A Good Nights Sleep Helps Your Brain Deal Better with Pain
A new study has linked sleep-deprivation and pain sensitivity. UC Berkeley scientists have released their research that answers some of the questions around sleep loss and chronic pain.
The researchers completed their study by identifying neural glitches in the sleep-deprived brain that can intensify and prolong the agony of sickness and injury.
A poll by the National Sleep Foundation in 2015 found that two in three chronic pain patients suffer from recurring sleep disruptions.
“If poor sleep intensifies our sensitivity to pain, as this study demonstrates, then sleep must be placed much closer to the center of patient care, especially in hospital wards,” said study's senior author Matthew Walker, a UC Berkeley professor of neuroscience and psychology.
Sleep-deprived brains struggle to deal with the pain
The researchers found that the neural mechanism that picks up pain signals, evaluate them and release natural pain relief are disrupted in human operating on insufficient sleep.
Matthew Walker and UC Berkeley Ph.D. student Adam Krause scanned the brain of two dozen healthy young adults while applying an uncomfortable heat source on their legs. Those adults who were sleep deprived reacted more intensely to the pain sensation.
Not only did the adults have increased pain sensation, but they also recorded lower activity in the nucleus accumbens, a region of the brain’s reward circuitry that, increases dopamine levels to relieve pain.
“Sleep loss not only amplifies the pain-sensing regions in the brain but blocks the natural analgesia centers, too,” Walker said.
Sleep deprived brains were also operating slowly in the insula. This part of the brain evaluates pain signals and puts them into contact to assist the body in preparing to deal with the sensation.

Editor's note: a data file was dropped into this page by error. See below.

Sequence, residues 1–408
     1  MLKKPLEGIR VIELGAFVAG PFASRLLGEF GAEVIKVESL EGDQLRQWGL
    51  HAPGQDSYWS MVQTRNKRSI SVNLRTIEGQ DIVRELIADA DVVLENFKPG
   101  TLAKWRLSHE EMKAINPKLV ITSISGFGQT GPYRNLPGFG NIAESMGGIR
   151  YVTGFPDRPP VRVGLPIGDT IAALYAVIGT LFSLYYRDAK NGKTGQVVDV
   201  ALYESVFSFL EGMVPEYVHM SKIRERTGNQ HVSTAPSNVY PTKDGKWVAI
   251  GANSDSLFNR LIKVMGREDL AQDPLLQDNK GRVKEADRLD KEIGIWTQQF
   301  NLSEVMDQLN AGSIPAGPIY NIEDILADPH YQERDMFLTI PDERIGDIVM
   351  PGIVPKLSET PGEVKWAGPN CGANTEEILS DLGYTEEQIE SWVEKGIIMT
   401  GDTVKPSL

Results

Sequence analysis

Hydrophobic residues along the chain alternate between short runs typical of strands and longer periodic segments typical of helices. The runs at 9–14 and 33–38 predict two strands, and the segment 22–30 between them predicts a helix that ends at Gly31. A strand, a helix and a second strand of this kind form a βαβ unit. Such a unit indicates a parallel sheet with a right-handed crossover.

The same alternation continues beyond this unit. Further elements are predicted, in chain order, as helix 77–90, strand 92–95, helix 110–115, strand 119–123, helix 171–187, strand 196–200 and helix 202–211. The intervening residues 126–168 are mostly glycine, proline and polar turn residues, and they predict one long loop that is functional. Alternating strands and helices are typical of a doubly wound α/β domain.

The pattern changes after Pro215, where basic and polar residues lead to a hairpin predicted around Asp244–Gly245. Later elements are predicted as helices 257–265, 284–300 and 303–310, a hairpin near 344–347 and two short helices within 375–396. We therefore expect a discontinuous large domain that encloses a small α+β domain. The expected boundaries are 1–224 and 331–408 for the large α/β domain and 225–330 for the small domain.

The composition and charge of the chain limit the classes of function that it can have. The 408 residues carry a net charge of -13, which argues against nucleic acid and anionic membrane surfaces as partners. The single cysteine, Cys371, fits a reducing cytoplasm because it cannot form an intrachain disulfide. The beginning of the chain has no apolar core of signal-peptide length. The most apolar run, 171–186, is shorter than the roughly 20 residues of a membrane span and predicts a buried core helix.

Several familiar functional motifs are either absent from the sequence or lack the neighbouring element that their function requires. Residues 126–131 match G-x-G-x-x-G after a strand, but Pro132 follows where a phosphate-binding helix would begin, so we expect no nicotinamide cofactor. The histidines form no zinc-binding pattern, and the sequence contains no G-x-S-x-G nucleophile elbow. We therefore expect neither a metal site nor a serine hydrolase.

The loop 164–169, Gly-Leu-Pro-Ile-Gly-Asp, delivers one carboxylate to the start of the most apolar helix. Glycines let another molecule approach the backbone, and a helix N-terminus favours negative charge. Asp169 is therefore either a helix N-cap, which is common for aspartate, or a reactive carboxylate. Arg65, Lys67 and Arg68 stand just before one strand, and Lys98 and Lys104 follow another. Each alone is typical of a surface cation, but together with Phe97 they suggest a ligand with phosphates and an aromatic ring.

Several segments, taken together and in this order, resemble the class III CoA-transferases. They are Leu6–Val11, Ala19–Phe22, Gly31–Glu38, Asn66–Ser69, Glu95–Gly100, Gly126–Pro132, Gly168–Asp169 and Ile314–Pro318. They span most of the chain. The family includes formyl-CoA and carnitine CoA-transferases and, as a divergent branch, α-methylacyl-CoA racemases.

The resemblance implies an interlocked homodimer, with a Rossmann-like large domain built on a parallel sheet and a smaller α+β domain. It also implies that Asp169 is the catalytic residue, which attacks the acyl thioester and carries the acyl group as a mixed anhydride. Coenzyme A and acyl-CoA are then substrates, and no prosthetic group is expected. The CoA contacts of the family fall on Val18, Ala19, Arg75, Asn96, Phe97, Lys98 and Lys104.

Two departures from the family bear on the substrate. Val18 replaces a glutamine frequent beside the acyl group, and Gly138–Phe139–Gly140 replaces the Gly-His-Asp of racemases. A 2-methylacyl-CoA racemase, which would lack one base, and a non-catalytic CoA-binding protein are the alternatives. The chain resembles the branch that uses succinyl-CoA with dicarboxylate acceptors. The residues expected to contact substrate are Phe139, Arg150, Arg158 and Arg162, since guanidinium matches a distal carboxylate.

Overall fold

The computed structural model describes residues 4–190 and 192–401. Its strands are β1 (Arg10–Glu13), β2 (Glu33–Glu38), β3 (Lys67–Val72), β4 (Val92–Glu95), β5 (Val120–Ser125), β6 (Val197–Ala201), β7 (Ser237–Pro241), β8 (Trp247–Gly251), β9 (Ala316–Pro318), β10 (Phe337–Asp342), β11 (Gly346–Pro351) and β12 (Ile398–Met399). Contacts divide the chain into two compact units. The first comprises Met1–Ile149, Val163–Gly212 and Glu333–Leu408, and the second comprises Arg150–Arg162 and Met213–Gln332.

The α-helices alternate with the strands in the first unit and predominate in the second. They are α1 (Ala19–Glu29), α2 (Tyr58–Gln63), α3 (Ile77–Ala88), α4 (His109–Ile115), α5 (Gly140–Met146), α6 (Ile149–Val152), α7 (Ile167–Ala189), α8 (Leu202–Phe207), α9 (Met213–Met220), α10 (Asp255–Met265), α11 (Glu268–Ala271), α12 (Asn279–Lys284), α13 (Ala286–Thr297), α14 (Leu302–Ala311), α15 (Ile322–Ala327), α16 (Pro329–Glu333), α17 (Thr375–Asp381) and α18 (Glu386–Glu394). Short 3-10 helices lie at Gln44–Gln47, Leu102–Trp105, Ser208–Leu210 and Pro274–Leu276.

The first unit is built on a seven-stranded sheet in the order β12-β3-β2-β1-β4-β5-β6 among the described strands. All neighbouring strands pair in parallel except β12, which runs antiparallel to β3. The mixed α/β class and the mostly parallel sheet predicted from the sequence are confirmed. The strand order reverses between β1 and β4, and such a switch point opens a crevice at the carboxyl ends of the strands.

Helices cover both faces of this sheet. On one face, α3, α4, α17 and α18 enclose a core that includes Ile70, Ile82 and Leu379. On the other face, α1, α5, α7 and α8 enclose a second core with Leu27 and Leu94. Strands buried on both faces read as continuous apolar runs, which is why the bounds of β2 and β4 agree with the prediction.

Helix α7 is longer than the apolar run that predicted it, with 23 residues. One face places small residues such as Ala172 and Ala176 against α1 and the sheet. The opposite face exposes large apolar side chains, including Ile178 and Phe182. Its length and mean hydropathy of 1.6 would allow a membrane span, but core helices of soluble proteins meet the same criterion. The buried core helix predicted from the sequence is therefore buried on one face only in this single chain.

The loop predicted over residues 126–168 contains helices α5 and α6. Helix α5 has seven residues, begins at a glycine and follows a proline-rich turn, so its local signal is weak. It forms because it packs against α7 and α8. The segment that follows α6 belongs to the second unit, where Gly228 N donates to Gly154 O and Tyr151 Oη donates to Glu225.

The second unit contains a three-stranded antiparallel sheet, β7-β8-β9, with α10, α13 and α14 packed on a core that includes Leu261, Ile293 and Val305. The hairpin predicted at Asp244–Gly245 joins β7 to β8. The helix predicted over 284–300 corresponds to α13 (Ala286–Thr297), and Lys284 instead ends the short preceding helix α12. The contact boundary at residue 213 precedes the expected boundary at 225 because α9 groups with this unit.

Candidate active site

Small sleep disruptions can affect pain sensitivity
“This is a critical neural system that assesses and categorizes the pain signals and allows the body’s own natural painkillers to come to the rescue,” said Krause, lead author of the study and a doctoral student in Walker’s Center for Human Sleep Science lab at UC Berkeley.
To further test the sleep-pain connection in more common daily-life scenarios, researchers surveyed more than 250 adults of all ages who were asked to report on their nightly hours of sleep as well as their day-to-day pain levels over the course of a few days.
The results showed that even minor disruptions in their sleep and wake patterns correlated with pain sensitivity changes.
“The results clearly show that even very subtle changes in nightly sleep — reductions that many of us think little of in terms of consequences — have a clear impact on your next-day pain burden,” Krause said.
The researchers hope that their findings will be an instigator for changes in hospital design and operation. “The optimistic takeaway here is that sleep is a natural analgesic that can help manage and lower pain,” said Walker, author of the bestseller Why We Sleep.
Yet ironically, one environment where people are in the most pain is the worst place for sleep — the noisy hospital ward.”
The hope that uninterrupted sleep is made a priority for patients. Many patients in the hospital are woken in the night for checks or by noise due to the daily operation of the large institutions.
But the studies authors say prioritizing sleep will help patients get better more quickly.